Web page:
They did learn, however, that LAMA ratios may not be a good way to study this in an outpatient setting. The ratios varied widely. LAMA values decreased between days 0 and 7 in the gluten-free group as well as the gluten-challenged group that did not take any larazotide. This was not a problem in a previous study conducted on people in the hospital. Patients in the hospital study had lowered LAMA ratios as well as less symptoms when taking larazotide.
According to the GSRS, most doses of larazotide did decrease symptoms in response to the gluten challenge. The 0.25 mg dose and the 4 mg dose three times a day led to a statistically significant decrease in symptoms.
Pooling all the results from patients who got any larazotide and a gluten challenge, the symptoms most decreased were abdominal pain, indigestion and reflux. These improvements could be observed in both the GSRS and the CeD-GSRS.
Patients also kept diaries of their symptoms. Total weekly numbers of episodes of diarrhea, severity of abdominal discomfort, as well as stool consistency were all better in the patients who got the 0.25 mg dose and the 1 mg dose of larazotide.
Additionally, symptoms usually associated with CD were much more pronounced in all patients who got gluten without larazotide (50% had symptoms) as compared with those who got larazotide or did not get gluten (20.8% had symptoms).
There were no significant differences in the levels of antibodies to tTG in any of the groups.
The 2.4 gram daily dose of gluten was clearly enough to cause symptoms in patients who did not take any larazotide.
Fifteen out of 60 patients who got larazotide had side effects, as did 7 out of the 26 who got placebo. The most commonly reported symptom in both groups was headache. There were no serious adverse effects reported, and no laboratory indicators of toxicity.
5.8 percent of those who received larazotide reported urinary tract infections, although only 1 was confirmed by a culture of the urine for bacteria, and only 1 person took antibiotics. All of the symptoms resolved, and they were not believed to be related to the larazotide.
In this study, changes in urinary LAMA ratios did not correlate well with symptoms or expected results, but rather varied quite a lot between different people in each study group. Most groups had a lower LAMA on day 7, even those who got placebo treatment and placebo gluten.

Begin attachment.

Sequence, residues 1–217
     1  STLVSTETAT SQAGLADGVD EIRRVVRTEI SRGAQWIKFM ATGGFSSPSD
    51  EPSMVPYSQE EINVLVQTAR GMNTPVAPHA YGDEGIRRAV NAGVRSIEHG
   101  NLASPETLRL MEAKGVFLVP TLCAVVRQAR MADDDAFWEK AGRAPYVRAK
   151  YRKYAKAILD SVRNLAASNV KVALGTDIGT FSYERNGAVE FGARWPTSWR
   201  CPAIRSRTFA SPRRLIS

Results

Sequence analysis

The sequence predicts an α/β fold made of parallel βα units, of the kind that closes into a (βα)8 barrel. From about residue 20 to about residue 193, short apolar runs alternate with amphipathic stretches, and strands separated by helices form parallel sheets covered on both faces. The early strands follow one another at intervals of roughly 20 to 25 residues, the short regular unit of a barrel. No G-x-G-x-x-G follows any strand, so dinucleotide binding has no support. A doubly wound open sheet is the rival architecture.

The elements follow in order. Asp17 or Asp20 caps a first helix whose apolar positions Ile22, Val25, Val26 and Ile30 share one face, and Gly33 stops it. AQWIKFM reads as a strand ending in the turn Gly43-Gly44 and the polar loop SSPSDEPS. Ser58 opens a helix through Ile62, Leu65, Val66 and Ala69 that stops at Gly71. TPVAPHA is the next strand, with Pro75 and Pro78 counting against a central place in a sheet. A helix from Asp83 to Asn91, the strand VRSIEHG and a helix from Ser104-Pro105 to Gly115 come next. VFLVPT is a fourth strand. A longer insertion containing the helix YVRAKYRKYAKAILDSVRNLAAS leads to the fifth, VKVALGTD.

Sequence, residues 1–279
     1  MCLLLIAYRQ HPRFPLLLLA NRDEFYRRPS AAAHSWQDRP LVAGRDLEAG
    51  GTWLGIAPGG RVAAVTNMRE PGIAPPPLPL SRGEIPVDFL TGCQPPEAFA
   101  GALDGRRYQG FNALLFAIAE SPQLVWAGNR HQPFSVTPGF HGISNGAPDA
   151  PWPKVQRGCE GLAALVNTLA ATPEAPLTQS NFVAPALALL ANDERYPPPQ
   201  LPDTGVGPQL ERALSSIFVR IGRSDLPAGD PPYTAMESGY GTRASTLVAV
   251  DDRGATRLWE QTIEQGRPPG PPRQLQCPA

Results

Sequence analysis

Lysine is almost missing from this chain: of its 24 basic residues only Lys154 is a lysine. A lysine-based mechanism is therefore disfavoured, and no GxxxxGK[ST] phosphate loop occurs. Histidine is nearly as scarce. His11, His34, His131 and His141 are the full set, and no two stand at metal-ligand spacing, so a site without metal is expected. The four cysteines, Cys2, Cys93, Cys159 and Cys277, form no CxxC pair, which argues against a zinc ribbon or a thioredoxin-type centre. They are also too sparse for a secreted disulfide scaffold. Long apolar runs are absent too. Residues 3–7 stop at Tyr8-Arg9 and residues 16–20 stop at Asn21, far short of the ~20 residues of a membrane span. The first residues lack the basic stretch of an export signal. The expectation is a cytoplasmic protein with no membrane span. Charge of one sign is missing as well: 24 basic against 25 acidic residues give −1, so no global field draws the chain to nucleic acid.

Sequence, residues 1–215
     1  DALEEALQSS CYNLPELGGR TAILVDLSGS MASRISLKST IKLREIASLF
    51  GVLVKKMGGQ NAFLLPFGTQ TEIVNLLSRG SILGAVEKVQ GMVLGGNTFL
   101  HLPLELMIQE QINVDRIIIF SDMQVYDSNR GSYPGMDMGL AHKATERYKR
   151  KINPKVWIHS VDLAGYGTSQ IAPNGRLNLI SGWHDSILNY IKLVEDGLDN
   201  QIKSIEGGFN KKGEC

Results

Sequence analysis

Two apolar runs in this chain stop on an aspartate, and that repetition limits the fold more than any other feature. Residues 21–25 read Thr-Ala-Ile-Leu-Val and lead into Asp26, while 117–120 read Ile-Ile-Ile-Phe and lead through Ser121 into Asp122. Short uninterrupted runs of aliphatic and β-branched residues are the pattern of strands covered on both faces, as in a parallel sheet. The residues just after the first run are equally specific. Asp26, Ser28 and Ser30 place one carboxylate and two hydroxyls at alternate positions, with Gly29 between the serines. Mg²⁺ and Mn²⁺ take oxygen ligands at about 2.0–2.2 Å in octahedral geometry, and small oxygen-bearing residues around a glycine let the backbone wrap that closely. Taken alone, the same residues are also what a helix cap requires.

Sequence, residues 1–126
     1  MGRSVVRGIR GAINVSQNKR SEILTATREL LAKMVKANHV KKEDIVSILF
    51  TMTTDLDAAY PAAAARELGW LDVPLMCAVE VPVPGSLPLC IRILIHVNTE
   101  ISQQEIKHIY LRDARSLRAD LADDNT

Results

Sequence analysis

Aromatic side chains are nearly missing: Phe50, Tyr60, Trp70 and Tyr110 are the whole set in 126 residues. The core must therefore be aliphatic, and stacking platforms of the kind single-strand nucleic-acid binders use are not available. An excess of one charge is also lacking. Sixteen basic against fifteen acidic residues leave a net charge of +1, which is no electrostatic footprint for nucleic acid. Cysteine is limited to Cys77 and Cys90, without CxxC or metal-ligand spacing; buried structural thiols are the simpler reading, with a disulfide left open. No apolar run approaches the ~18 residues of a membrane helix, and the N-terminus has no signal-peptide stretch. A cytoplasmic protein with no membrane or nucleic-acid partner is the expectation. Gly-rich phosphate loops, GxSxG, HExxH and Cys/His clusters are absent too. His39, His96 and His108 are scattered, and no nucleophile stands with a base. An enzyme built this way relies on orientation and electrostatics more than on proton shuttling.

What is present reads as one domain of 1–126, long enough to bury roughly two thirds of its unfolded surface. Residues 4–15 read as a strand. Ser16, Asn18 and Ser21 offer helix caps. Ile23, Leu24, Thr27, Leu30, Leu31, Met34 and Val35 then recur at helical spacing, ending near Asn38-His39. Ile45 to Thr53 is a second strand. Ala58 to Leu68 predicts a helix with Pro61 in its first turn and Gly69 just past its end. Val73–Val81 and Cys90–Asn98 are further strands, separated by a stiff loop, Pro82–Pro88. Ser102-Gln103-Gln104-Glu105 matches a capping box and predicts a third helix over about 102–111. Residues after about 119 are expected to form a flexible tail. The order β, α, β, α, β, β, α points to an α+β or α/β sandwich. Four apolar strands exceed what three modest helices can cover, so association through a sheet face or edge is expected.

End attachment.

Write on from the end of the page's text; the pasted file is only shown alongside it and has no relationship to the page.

The investigators surmised that the people in the study may have been more compliant with their own gluten-free diets during the two weeks, so that the LAMA results at day 0 may have represented people who were not yet completely gluten free. They suggested that future trials have a longer period of LAMA or other testing before the study drug is started.
While the LAMA results did not confirm anything, the study did show that some doses of larazotide decreased symptoms in patients with CD given gluten. It also showed that 2.4 grams of gluten a day was enough to produce symptoms. That is one answer to the question of how much gluten someone can take in without having their CD worsened. The answer would have to be less than 2.4 grams.
The authors of the study suggested that addition to a longer lead-in time, studies of larazotide should involve more people. They also suggested that small bowel biopsies may be needed to actually confirm or disprove the effects of the drug.
What Comes Next?
Larazotide is still under study. There is a trial actively recruiting patients as of October 2013, designated NCT01396213. This is its description:
“A randomized, double-blind, placebo-controlled Phase 2B study to evaluate the efficacy and safety of Larazotide Acetate in the treatment of patients with celiac disease who have persistent symptoms despite being on a gluten-free diet.”
Information about this study can be found at: http://clinicaltrials.gov/ct2/show/NCT01396213?term=larazotide+acetate+and+celiac+disease&rank=1
If you or a family member might be interested in participating in this study, you can look at the information to see if you qualify or talk to your gastroenterologist.
It does seem likely that larazotide acetate will find a place in the management of celiac disease.
Paterson BM , Lammers KM , Arrieta MC et al. The safety, tolerance, pharmacokinetic and pharmacodynamic effects of single doses of AT-1001 in coeliac disease subjects: a proof of concept study . Aliment Pharmacol Ther 2007; 26:757-66.
Leffler D.A., Kelly C. P., Abdallah H. Z., et al. A Randomized, Double-Blind Study of Larazotide Acetate to Prevent the Activation of Celiac Disease During Gluten Challenge. Am J Gastroenterol advance online publication, 24 July 2012.